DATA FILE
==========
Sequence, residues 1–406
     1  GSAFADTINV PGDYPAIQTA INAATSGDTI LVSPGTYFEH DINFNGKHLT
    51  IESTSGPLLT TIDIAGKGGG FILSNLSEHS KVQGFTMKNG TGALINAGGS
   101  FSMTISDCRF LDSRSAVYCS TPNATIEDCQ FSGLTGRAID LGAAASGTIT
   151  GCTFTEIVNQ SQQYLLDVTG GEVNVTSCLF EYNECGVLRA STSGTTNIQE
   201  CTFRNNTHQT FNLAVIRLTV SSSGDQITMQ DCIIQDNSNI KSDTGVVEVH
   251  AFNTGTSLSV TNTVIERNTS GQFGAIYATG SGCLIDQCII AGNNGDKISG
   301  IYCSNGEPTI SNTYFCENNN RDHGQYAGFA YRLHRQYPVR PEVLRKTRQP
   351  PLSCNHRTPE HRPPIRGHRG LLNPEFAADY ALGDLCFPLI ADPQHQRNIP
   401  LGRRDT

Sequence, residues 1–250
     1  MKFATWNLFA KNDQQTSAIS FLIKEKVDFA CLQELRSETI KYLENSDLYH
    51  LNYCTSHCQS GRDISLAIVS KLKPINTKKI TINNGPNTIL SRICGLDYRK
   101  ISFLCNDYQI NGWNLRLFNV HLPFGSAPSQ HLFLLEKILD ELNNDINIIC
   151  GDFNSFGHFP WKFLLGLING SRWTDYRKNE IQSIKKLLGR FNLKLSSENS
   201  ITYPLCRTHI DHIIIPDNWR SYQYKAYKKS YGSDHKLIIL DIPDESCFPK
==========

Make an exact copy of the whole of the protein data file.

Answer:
Sequence, residues 1–406
     1  GSAFADTINV PGDYPAIQTA INAATSGDTI LVSPGTYFEH DINFNGKHLT
    51  IESTSGPLLT TIDIAGKGGG FILSNLSEHS KVQGFTMKNG TGALINAGGS
   101  FSMTISDCRF LDSRSAVYCS TPNATIEDCQ FSGLTGRAID LGAAASGTIT
   151  GCTFTEIVNQ SQQYLLDVTG GEVNVTSCLF EYNECGVLRA STSGTTNIQE
   201  CTFRNNTHQT FNLAVIRLTV SSSGDQITMQ DCIIQDNSNI KSDTGVVEVH
   251  AFNTGTSLSV TNTVIERNTS GQFGAIYATG SGCLIDQCII AGNNGDKISG
   301  IYCSNGEPTI SNTYFCENNN RDHGQYAGFA YRLHRQYPVR PEVLRKTRQP
   351  PLSCNHRTPE HRPPIRGHRG LLNPEFAADY ALGDLCFPLI ADPQHQRNIP
   401  LGRRDT

Sequence, residues 1–250
     1  MKFATWNLFA KNDQQTSAIS FLIKEKVDFA CLQELRSETI KYLENSDLYH
    51  LNYCTSHCQS GRDISLAIVS KLKPINTKKI TINNGPNTIL SRICGLDYRK
   101  ISFLCNDYQI NGWNLRLFNV HLPFGSAPSQ HLFLLEKILD ELNNDINIIC
   151  GDFNSFGHFP WKFLLGLING SRWTDYRKNE IQSIKKLLGR FNLKLSSENS
   201  ITYPLCRTHI DHIIIPDNWR SYQYKAYKKS YGSDHKLIIL DIPDESCFPK